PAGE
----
Bishops John O’Hara and Peter Byrne concelebrate the traditional medieval Red Mass
STATEN ISLAND, NY – Bishop John J. O’Hara and Bishop Peter Byrne, Episcopal Vicars of Staten Island, concelebrated the 39th Annual Red Mass at Blessed Sacrament RC Church, West Brighton.
The centuries-old tradition, which marks the beginning of the court year, dates back to the 13th century and officially opened the court term for most European countries.
In medieval times, government officials, lawyers and judges came to church dressed in red vestments or red vestments signifying the fire of the guidance of the Holy Spirit for all who sought justice in their lives. daily.
Red Mass is currently celebrated in dioceses across the United States to invoke God’s blessing upon members of the pew, bar, legislature, law enforcement, and government agencies who protect and administer the law .
The annual event also serves as a way to remember members of the legal community who have died over the past year and it is customary for the names of the deceased to be read aloud during Mass.
This year, candles were lit on the altar by members of the respective families in memory of their loved ones: Justice David Frey, Eugene Lamb, William G. Murphy and Frank Wall.
Although the exact date of its creation is unknown, it seems that the Red Mass originated around the middle of the 13th century.
However, in 1928, the Red Mass was celebrated for the first time in the United States at St. Andrew’s Church in Manhattan under the presidency of Cardinal Patrick Hayes.
Here on Staten Island, the Red Mass was initiated by retired Supreme Court Justices John A. Fusco and Charles A. Kuffner Jr. With the support of retired Attorney Robert J. Gigante and Attorney Matthew Titone and staff members, it continues to this day.
Each year, Red Mass is co-chaired by Ron Cerrachio and Mario Esposito Jr.
The ceremonial mass includes the NYPD guard and Knights of Columbus berets.
Addressing the faithful, Bishop O’Hara made reference to the passing of Bishop Peter Finn and Ferdinando Berardi. Monsignor Berardi concelebrated the Red Mass last year.
“Archbishop Berardi was from Italy and Archbishop Finn was born here,” Bishop O’Hara said. “Both loved the community very much. So tonight, in addition to the lawyers we’ve lost this year, let’s remember Monsignor Finn and Monsignor Berardi.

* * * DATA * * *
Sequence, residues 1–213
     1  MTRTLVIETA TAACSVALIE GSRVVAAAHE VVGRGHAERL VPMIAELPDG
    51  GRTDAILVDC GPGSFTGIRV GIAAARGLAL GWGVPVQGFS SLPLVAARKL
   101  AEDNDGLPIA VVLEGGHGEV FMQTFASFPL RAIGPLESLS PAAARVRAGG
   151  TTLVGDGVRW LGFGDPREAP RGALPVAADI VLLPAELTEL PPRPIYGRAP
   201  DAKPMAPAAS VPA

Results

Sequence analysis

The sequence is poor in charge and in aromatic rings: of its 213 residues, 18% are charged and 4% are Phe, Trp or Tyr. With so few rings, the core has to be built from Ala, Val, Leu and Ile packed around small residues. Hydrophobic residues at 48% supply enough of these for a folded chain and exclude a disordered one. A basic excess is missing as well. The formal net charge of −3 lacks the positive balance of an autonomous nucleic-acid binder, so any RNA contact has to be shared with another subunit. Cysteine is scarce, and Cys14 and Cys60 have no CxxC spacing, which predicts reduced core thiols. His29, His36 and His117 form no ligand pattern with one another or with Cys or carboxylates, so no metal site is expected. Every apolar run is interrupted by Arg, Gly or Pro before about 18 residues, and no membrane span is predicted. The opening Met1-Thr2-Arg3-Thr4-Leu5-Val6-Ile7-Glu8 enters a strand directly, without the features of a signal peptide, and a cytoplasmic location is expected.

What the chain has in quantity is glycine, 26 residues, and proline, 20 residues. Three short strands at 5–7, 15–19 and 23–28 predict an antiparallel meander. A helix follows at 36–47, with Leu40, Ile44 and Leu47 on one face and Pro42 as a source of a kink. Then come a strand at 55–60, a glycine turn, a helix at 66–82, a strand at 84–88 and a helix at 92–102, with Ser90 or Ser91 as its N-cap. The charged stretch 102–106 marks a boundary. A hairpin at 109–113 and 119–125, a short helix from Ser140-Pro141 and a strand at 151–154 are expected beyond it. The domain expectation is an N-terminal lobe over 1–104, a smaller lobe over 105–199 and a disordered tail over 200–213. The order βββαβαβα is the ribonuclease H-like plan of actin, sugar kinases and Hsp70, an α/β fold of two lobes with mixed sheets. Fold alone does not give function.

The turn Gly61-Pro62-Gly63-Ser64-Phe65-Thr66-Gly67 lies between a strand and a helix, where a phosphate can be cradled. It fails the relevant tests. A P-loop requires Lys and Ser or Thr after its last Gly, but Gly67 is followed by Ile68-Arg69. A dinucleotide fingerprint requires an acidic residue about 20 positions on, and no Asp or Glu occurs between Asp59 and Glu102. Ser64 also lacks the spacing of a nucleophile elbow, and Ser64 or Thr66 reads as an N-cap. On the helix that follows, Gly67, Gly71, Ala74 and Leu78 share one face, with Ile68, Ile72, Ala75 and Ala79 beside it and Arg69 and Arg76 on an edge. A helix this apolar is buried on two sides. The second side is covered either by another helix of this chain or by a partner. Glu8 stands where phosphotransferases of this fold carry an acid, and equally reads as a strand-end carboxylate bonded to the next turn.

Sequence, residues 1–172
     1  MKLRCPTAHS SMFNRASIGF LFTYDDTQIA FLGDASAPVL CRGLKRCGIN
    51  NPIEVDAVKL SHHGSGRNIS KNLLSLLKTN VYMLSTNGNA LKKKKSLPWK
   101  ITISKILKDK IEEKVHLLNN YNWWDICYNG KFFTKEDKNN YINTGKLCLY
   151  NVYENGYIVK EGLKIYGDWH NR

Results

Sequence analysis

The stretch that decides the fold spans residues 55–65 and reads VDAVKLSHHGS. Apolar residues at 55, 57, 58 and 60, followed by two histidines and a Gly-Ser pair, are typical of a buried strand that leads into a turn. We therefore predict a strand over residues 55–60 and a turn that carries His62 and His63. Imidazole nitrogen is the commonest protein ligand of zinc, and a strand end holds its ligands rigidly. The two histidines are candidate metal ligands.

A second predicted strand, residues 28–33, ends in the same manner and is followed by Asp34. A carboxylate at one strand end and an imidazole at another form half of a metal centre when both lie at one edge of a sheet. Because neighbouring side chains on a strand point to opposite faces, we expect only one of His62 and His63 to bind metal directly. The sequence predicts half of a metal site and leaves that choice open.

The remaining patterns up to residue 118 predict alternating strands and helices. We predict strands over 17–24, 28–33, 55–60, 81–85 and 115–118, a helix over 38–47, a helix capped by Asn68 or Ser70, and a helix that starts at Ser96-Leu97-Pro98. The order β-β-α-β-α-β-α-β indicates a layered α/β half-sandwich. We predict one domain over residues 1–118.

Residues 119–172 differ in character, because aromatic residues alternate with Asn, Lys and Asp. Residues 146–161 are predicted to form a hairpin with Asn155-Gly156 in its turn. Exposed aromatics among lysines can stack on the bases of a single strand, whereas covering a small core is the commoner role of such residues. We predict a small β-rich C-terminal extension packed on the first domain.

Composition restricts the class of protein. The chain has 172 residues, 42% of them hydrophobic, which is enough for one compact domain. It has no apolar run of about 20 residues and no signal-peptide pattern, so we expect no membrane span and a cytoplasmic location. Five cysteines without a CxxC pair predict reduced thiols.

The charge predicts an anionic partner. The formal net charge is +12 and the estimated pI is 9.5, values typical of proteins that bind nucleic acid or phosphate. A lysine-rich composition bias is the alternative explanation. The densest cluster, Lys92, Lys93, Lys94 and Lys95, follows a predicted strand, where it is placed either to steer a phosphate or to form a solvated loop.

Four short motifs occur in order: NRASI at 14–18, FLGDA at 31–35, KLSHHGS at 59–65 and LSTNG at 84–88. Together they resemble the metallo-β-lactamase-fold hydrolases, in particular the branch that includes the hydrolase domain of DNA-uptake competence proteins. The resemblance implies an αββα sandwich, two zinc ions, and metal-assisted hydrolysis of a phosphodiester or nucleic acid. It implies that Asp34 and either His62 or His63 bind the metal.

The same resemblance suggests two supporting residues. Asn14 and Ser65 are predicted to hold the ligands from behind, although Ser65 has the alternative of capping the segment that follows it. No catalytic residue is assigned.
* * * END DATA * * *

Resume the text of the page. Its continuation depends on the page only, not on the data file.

Bishop O’Hara then told the story of the day he had breakfast with Bob Gates, who was the 22nd US Secretary of Defense, and several other notables. He said Gates recalled how in years past there was more communication, cooperation, socialization and willingness to listen in the world.
“We influence a lot of people by what we say and what we do,” the bishop said. “It’s a way of bridging communication and understanding. All social engineering is perceived by verbal engineering. And today is awful. So ask the Lord to cleanse us and reach out and make a difference to what is missing in the world today and embrace a new beginning and see how we can be an instrument of healing. Because we’re not going anywhere if everything is negative and not positive. Remember that Dorothy Day saw the goodness in everyone.
The prayers of the faithful were read by Mario Esposito Jr.
The choir was led by music director Terry Tarangelo, which included performances of “The Prayer,” a duet by Jessica Caracciolo and William J. Newstad, a post-Communion reflection of Kristen Pinto’s “Ave Maria,” and “God Bless America,” by Tarangelo.
The organist was Michael J. Pinto, senior counsel to Civil Court Judge Robert J. Helbock Jr.
“The Red Mass Committee would like to thank you all for participating and we extend our heartfelt thanks to our homilist, Bishop John J. Hara, our celebrant, Bishop Peter Byrne, pastor of the Holy Sacrament, clergy, and a special thank you to our Associate Chief Justices, Deborah Kaplan and Tamiko Amaker,” Cerrachio said.
A renewal of the attorney’s oath read by Judge Deborah A. Kaplan, Associate Chief Administrative Judge of the New York City Courts, saw members of the legal community rise to their feet.
A light meal was served at the parish center of the Blessed Sacrament immediately after the ceremony.